## Tangent space as best approximation

Dear all,
in what sense the tangent space is the best approximation of a manifold?
The idea is clear to me when we think about a surface in Rn and its tangent plane at a point.
But what does this mean when we are referring to very general manifolds?
In what sense "approximation" and in what sense "best"?

Thanks.
Goldbeetle
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 Recognitions: Gold Member Homework Help Science Advisor Hum. Well, any manifold can be embedded in R^N for N large enough, so the case where M is in R^n is the most general case in a sense. But yeah, in the abstract setting I don't think it makes sense in any way. But maybe I'm wrong.
 Recognitions: Science Advisor I believe you use the definition of tangent space in terms of derivations when the manifold is stand-alone.

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## Tangent space as best approximation

The idea of best linear approximation requires the manifold to be embedded in another manifold.

The abstract tangent space will be mapped to the best linear approximation under any embedding into Euclidean space. So the tangent space may be thought of as an abstract space whose geometric realization is always the best linear approximation.

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 Quote by lavinia The idea of best linear approximation requires the manifold to be embedded in another manifold. The abstract tangent space will be mapped to the best linear approximation under any embedding into Euclidean space. So the tangent space may be thought of as an abstract space whose geometric realization is always the best linear approximation.
I think you need the manifold to be embedded in Euclidean space (which , as Quasar stated, is always possible by Whitney's embedding. ) . In order to have the local-linear approximation the tangent plane gives you, you need to have some properties that you cannot find in any manifold.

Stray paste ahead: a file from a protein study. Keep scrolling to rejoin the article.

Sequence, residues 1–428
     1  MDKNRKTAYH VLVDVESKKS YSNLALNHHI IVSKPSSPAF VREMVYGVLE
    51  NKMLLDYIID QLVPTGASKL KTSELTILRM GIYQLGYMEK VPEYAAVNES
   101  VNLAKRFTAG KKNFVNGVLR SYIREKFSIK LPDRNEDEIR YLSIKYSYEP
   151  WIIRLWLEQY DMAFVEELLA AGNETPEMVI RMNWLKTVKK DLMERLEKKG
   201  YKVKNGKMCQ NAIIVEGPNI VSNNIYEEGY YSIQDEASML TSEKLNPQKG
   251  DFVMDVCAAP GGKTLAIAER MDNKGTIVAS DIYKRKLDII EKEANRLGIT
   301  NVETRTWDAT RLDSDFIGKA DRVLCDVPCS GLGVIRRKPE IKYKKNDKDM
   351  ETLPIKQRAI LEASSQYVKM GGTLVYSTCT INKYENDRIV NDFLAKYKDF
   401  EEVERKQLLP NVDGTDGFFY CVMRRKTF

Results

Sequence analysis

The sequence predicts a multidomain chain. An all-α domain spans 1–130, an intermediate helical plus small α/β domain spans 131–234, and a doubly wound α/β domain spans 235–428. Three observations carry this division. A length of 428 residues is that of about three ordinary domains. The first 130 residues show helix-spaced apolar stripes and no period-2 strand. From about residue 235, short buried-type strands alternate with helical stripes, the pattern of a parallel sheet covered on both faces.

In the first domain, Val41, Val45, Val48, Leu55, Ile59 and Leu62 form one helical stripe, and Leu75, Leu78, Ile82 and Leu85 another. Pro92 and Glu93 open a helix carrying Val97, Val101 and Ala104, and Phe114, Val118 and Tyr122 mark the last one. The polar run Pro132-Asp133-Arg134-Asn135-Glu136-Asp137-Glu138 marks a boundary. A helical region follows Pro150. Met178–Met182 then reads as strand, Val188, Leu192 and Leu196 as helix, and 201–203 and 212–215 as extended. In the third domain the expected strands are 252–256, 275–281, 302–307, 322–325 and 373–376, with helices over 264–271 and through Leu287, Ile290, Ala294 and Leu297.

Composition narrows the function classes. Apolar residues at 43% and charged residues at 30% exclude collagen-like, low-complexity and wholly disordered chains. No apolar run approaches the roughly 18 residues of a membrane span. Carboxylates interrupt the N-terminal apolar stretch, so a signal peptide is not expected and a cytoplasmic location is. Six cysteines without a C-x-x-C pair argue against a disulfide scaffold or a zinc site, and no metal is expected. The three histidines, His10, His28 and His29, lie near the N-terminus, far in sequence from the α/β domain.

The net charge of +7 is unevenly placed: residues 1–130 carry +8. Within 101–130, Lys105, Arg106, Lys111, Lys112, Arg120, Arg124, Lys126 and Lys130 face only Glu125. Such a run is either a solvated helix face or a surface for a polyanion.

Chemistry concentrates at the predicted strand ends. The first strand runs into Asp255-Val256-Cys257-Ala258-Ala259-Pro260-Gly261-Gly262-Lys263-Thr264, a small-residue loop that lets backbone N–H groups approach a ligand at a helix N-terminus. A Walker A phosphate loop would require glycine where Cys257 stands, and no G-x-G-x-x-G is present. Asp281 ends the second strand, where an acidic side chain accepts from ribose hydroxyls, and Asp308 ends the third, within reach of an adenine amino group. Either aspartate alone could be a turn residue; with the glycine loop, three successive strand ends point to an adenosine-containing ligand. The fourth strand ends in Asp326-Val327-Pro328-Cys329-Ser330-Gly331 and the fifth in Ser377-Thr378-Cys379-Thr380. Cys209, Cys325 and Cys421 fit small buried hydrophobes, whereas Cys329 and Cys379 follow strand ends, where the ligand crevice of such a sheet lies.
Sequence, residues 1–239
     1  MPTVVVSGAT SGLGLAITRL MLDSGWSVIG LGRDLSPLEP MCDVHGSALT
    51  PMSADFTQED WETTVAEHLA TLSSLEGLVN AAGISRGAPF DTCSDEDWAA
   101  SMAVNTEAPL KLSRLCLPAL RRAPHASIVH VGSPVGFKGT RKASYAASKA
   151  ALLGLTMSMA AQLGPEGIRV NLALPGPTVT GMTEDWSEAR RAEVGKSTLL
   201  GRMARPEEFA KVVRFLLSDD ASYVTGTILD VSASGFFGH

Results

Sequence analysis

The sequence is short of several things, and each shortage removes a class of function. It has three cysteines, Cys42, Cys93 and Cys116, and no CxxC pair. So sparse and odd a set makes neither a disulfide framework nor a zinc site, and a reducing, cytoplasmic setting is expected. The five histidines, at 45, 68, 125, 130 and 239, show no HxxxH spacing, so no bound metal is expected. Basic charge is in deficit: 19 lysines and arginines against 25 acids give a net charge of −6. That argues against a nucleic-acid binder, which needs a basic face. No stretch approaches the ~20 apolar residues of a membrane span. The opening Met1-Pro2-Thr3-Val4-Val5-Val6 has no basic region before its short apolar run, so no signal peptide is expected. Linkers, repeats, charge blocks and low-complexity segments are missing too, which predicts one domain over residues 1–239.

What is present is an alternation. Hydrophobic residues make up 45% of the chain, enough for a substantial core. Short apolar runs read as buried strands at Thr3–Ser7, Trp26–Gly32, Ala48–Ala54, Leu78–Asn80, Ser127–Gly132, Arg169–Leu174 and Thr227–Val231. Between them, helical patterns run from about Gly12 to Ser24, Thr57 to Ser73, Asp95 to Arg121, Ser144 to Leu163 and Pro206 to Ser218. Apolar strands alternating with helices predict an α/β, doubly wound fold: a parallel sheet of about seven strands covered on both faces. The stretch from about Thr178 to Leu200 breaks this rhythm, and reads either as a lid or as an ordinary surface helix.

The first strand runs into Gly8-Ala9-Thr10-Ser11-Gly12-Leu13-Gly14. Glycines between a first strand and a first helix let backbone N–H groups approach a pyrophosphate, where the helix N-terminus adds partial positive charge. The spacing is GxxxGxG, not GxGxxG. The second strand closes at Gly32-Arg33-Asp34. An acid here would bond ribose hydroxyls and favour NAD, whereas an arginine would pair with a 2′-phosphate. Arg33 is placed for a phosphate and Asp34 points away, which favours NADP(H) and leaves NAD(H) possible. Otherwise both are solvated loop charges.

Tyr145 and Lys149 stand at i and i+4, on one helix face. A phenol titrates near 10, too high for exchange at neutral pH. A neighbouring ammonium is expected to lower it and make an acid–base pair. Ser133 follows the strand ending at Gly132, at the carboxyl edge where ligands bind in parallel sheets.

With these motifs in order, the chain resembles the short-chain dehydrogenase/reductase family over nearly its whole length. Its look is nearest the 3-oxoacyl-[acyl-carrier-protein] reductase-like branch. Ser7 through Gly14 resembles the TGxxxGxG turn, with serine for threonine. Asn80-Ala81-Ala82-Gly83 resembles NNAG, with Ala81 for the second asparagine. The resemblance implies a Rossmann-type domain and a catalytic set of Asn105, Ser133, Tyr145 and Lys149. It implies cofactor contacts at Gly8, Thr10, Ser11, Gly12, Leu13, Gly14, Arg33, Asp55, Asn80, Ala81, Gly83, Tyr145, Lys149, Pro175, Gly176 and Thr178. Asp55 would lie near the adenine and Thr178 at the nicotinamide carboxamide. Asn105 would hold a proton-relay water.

There is an equivalence between derivations and tangent vectors, in that each can be seen as being the other, i.e., every derivation can be seen as a tangent vector and viceversa.

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 Quote by Bacle2 I think you need the manifold to be embedded in Euclidean space (which , as Quasar stated, is always possible by Whitney's embedding. ) . In order to have the local-linear approximation the tangent plane gives you, you need to have some properties that you cannot find in any manifold. There is an equivalence between derivations and tangent vectors, in that each can be seen as being the other, i.e., every derivation can be seen as a tangent vector and viceversa.
I think linear approximation can be made local.

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 Quote by lavinia I think linear approximation can be made local.
But, how do you define a plane in a generic ambient manifold? Don't you need the space

to have a vector space structure to talk about planes? There is a such a thing as

an abstract general plane over a field ( the set of combinations f1p+f2

y for fi in the field --this is how we work in abstract projective spaces

over a field) , but I don't see how to get the structure to have both planes and a norm ,

for , what do you mean when

you say that ||v-w||<e , where v is in the tangent plane and w is in the manifold?

n allows this because it is a normed space. How do you do it in a generic

ambient manifold X?

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 Quote by Bacle2 But, how do you define a plane in a generic ambient manifold? Don't you need the space to have a vector space structure to talk about planes? There is a such a thing as an abstract general plane over a field ( the set of combinations f1p+f2 y for fi in the field --this is how we work in abstract projective spaces over a field) , but I don't see how to get the structure to have both planes and a norm , for , what do you mean when you say that ||v-w||
You are right but my gut still tells me that this can be done. Perhaps using coordinate charts. Or like in Euclidean space, you have the idea of geodesics and geodesic planes in the ambient manifold. Locally these planes are close to linear.
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